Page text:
The Cycling Hall of Fame 2019: the case for Daniel Mangeas

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Voice of the Tour de France for 41 years, Mangeas is a true legend of cycling, the patron of cycling commentators. Vote for Daniel!

 

Photographs: Joel Hewitt
Mangeas

 

 

From a distance it sounds like a baritone hum, a foghorn being sounded a long way away. Closer up, you can hear more: the rhythmic allegretto of short sentences, broken into their constituent parts by the occasional pause for breath, each phrase a crescendo culminating in the triumphant announcement of a name, followed by a burst of applause that punctuates the whole like a set of exclamation marks.


Closer again, you can hear the detail. Names, statistics, results, the dramatic pauses, the suffixation of ‘-euh’ to every other word, the unmistakable gravelly, barking hoarseness. This is the voice of cycling. It belongs to Daniel Mangeas.


Ed Pickering penned these fine words for Rouleur in 2014, marking the occasion of Mangeas’ final Tour de France after a remarkable 41 editions.


Should you have the misfortune never to have visited a Tour stage in person, allow us to set the scene.


At the village départ, as 170-plus men mounted the stage to sign on of a morning, he was there leading the line, with a stunningly accurate recall of each and every rider’s palmarès. He may have held a page of notes in his hand, but rarely consulted them. As Ed found at the Mangeas family home in Normandy, there is a folder of closely-types rider profiles on his work desk, listing wins and dates (Dario Cataldo required three lines, Mark Cavendish, two pages). But the ability of Mangeas to commit to memory so many races and riders was phenomenal, making those pulled aside on stage for a word with the MC relaxed and at ease.


Later in the day, Mangeas would be at the mic again at the stage finish, working the crowd awaiting the arrival of the peloton. That unmistakable voice would wash over you, even if much of the meaning was lost on a non-fluent French speaker. It was a reassuring background sound that for more than 40 years made race fans feel welcome; feel they had arrived at Le Tour for real.


How Mangeas landed the speaker role in the first place was something of a fluke. The car of then-Tour speaker Pierre Shori broke down en route to the Pla d’Adet stage finish in 1974. Mangeas stepped into the breach with aplomb, Shori retired two years later, and the Tour unwittingly found its voice.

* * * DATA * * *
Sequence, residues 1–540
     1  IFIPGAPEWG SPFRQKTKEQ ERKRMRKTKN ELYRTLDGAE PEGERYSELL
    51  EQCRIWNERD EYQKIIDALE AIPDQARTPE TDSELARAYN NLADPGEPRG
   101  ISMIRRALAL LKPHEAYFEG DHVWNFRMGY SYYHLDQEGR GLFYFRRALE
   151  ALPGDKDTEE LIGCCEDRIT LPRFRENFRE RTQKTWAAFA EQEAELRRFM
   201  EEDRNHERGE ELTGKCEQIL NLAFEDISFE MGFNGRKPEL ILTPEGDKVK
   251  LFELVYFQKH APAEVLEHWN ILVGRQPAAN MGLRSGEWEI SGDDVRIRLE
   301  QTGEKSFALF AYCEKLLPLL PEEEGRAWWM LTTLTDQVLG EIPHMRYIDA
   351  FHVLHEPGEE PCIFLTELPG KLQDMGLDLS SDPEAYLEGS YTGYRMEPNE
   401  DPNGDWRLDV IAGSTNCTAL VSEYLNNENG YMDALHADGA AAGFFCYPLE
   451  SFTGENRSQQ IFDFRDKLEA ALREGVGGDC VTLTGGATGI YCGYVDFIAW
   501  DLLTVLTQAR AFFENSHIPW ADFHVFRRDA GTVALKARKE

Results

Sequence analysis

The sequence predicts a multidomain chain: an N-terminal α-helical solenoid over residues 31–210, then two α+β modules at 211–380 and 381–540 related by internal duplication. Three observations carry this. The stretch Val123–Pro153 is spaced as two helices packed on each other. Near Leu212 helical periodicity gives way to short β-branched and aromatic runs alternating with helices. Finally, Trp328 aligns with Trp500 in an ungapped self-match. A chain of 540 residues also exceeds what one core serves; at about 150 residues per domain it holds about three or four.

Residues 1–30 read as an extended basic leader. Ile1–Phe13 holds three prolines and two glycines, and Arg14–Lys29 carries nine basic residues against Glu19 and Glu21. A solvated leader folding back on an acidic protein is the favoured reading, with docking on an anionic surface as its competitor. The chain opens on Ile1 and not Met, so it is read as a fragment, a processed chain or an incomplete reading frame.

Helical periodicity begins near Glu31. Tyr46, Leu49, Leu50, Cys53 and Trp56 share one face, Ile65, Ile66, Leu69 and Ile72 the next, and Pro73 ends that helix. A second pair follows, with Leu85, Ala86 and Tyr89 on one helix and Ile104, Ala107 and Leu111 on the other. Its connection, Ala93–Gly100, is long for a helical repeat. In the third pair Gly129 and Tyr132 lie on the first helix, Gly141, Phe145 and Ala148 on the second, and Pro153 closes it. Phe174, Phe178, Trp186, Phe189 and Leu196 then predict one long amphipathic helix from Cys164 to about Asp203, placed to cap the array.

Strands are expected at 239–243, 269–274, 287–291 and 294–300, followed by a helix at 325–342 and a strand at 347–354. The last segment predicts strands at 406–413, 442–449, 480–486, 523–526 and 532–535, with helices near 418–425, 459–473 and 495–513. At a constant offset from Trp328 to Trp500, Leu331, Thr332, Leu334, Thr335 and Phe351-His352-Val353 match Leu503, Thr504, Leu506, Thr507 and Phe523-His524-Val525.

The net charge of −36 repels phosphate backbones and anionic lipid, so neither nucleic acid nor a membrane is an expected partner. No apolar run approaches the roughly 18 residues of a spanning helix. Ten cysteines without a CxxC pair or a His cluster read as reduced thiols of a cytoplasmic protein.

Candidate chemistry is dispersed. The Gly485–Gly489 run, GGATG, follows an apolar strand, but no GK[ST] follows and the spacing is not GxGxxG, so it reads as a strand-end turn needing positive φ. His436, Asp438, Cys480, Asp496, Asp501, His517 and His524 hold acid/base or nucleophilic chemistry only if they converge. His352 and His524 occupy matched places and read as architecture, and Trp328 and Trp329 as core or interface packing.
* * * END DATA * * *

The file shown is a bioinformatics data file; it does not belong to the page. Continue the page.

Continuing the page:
And what a voice. As The Inner Ring perfectly describes it, “each syllable is stressed, a vocal ticker tape … Above all there’s a warmth, you sense just how keen he is to present the riders to the waiting public.”


As for the unique style and lengthy “euh” added to every utterance in place of punctuation, Mangeas does not talk like that in real life, of course. He adopted what became his signature style to buy a little time and gather his thought processes on the hoof – not that you’d notice.


“I’ve always done it, he told Ed Pickering. “It gives me a small amount of time to think about what I’m going to say next. That extra tenth of a second is indispensable for getting the rest of what I am saying right.”


We beg to differ. The announcement of Romain Bardet when Mangeas is on stage goes something like this: “Romain-euh… Bardet-yuuuuuuuh.” This can take several seconds, not a tenth.[


And that is exactly what makes him a unique voice in the sport. He is universally liked and respected throughout the cycling world (how many commenters can you say that about?) for his love of the subject matter, a lifelong passion since uttering his first words as a child: “Robic-Bobet”, his parents maintained; for his encyclopaedic knowledge of bike races and racers; for his unique delivery, cutting through the noise with a voice you could listen to all day long.


As I write this, we are watching the new Mont Ventoux race in the office. No disrespect to the Eurosport commentary team, but we wish they would shut up, just for a minute. In the background, picked up by the microphones accompanying the camera crew, that’s the wonderful sound of Daniel Mangeas drifting away on the wind atop the sparsely-populated mountain. All is right with the world.

Daniel Mangeas


He continues to work on French races, despite retiring from the Tour. And long may he do so. As a Patron inductee to the Rouleur Hall of Fame, I can think of few who merit inclusion more than Monsieur Mangeas – a true servant and legend of cycle sport.


Over the coming months the Rouleur team will be making the case for each of the 18 Cycling Hall of Fame nominees. Vote for Mangeas – or any of the other nominees – below.


Read more from our Cycling Hall of Fame 2019, “The case for…” series:


Bernard Hinault

Patrick Lefevere

Tullio Campagnolo

Greg LeMond

Kristin Armstrong